CHARLESTON, S.C. (WCBD) – The Charleston County Criminal Justice Coordinating Council (CJCC) on Tuesday released the 2020 Annual Report. Among the report’s key findings is a downward trend in local incarceration rates, which the report attributes to implementing alternative strategies, like mental health counseling.
According to the report, local bookings in the jail decreased by 62% between 2014 and 2020, and the local jail population decreased by 38%.
In 2019, Charleston County began focusing on initiatives such as:
- Increasing education, training, and awareness for justice system stakeholders
- Specially trained units for special populations (mental health)
- Training on sensitivity, substance abuse and human-first language
- Creating more opportunities for community members to become actively involved and engaged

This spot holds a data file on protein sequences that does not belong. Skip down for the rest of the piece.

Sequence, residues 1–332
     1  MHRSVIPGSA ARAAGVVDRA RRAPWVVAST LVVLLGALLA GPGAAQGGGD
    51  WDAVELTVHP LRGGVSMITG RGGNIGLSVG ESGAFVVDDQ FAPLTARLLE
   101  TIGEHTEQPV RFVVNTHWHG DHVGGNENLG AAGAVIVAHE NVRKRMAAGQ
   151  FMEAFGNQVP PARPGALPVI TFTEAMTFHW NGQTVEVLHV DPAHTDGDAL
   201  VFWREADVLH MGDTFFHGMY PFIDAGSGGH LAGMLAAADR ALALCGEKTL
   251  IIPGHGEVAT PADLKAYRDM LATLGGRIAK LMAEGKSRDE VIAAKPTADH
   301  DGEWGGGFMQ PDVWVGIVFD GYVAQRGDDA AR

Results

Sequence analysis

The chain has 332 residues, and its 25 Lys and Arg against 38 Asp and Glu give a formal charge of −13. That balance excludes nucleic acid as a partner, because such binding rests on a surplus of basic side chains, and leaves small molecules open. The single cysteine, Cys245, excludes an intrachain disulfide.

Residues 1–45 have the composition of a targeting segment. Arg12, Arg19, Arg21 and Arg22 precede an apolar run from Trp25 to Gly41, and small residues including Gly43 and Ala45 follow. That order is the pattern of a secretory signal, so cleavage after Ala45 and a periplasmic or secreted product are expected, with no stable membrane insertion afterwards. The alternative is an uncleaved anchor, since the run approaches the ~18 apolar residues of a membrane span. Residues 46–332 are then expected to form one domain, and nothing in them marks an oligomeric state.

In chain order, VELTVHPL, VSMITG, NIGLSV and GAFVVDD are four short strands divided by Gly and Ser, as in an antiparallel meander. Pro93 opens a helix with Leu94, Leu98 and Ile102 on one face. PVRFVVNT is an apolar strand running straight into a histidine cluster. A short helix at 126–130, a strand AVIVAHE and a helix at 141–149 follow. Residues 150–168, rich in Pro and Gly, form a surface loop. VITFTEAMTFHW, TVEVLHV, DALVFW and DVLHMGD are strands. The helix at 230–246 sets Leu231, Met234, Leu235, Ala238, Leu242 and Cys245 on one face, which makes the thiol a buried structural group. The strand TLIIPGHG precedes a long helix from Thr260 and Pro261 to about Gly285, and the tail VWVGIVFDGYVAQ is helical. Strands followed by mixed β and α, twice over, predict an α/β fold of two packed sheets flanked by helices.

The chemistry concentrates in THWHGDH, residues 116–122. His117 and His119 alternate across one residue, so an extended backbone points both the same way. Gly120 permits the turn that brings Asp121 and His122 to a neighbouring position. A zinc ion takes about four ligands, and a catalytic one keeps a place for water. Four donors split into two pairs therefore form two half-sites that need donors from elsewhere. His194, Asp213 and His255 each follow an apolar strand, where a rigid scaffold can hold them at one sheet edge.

- Community buy-ins
- More involvement between the council and the community
- Building on efforts and activities the CJCC is doing
- Provide adequate funding for council based on qualitative results
- Focus on the challenges of reentry from prison and jail
- Establishing partnerships and collaborations that will support local justice reform
- Prevention before intervention
- Find community leaders to be the face and voice of this advisory
However, the report also identified areas of weakness within the system. Notably, “Charleston’s local jail population is almost entirely pretrial with lengths of stay increasing as charges coming in are more serious than they used to be.”
Additionally, “time to disposition, in General Sessions, is increasing and the number of cases awaiting justice is growing.” If cases are continuously processed at the current rate, pending cases could increase by 40% in the next two years.
To address the shortcomings, a Fiscal Year 2021-2021 Strategic Plan proposes pre-trial service options and emphasizes “effective case management efforts to help reduce the backlog of cases.”
Other points of the Plan include a Race Equity Fellowship program “for community leaders to advance equity,” and a Jail-Involved Familiar Face pilot program “to achieve positive outcomes for individuals that most often cycle in and out of jail.”
Click here to read the full report.